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By Nawhal Kara | Nov 12, 2009 | COMMENTS [ 0 ]

AT AGE 79 Grace Masuku has been honoured with a Lifetime Achievement Award by the North West department of arts and culture for her commitment to restoring the dignity of her people, the Bakgatla Ba Kgafela tribe.

Among the many contributions Masuku has made to her community she helped with the establishment of the Mphebatho Cultural Museum.

The Bakgatla community comprises 350000 people, living in 32 villages northwest of the Pilanesberg.

The Bakgatla Ba Kgafela people were forcibly re-moved from their ancestral land during apartheid: They had to make way for the Pilanesberg Game Reserve.

Masuku is dedicated to educating her people on sustainable methods of using the environment.

She had also won numerous awards, including the Ma-Afrika Award, for her efforts.

She told us how she uses her own pension to travel to various villages to train people for business based on traditional values.

The Department of Trade and Industry's Community Public-Private Partnerships Programme, which was coordinating a leather-producing initiative, recognised Masuku's knowledge and appointed her coordinator in North West.

She began training community members to produce goat hides instead of discarding the skin when she discovered that every household in the area owned goats.

The project was named Podi-Boswa, meaning "goat, our inheritance", and has provided about 1000 families with a sustainable income.

Masuku is a vast library of knowledge and insight but what I was not prepared for was her fiery passion for life.

"I love this God, I'm living an most wonderful life.

"I am a mad old woman who just wants to see everybody happy," she says.

Masuku began her career as a biology teacher and when asked about her profession she says: "As a teacher in a rural area you find yourself being a social worker, traditional healer and parent all in one."

Her knowledge of botany comes from her formal biology training and also from her interest in the interdependence between all living creatures.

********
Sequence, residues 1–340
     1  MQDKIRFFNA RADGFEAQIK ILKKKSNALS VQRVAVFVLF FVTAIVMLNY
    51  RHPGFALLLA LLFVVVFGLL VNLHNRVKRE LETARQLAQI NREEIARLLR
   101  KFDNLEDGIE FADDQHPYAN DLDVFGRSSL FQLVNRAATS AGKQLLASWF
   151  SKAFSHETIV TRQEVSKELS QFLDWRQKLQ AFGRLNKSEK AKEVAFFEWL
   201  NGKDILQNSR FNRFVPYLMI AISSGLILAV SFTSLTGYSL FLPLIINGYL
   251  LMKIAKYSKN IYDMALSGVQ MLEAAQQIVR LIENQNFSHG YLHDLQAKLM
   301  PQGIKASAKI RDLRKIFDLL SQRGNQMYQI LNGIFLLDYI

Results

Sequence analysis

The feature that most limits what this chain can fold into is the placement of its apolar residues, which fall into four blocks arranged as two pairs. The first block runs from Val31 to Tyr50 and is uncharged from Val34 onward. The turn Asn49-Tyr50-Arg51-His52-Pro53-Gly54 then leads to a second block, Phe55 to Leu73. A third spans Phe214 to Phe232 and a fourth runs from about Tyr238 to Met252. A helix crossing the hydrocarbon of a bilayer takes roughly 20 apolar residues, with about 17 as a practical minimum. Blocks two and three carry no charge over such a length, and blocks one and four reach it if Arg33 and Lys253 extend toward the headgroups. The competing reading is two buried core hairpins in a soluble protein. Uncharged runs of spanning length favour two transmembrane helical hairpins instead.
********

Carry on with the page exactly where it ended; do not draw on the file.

Awe-inspiring Masuku runs her own indigenous chemist, which she started 21 years ago. She also educates her people about herbal remedies and methods of treating various diseases and ailments.

"Nature is such a wonderful institution of knowledge and this is one thing people outside of our culture don't realise about the initiation process.

"We teach our young people about the value of nature and good morals," says Masuku.

"When our kids return from their initiation you see a complete difference in them. They have a solid sense of strength, self-hygiene and even their will to protect their dignity is evident."

She says they learn that you cannot reach the spirit world if you are filthy.

According to Masuku, sleeping with any other man or woman other your wife makes you filthy.

"It is wrong to refer to human rights because all creatures have rights. A cow is equal to a stone and a tree.

"I have to treat my cattle's illnesses and pregnancies with the same herbs I use to treat human beings," she says.

Masuku exudes energy and passion to everyone around her. As I was about to leave she offered me a piece of liver from a freshly slaughtered animal.

"Liver is nothing but blood which is better for us to share," says Masuku.


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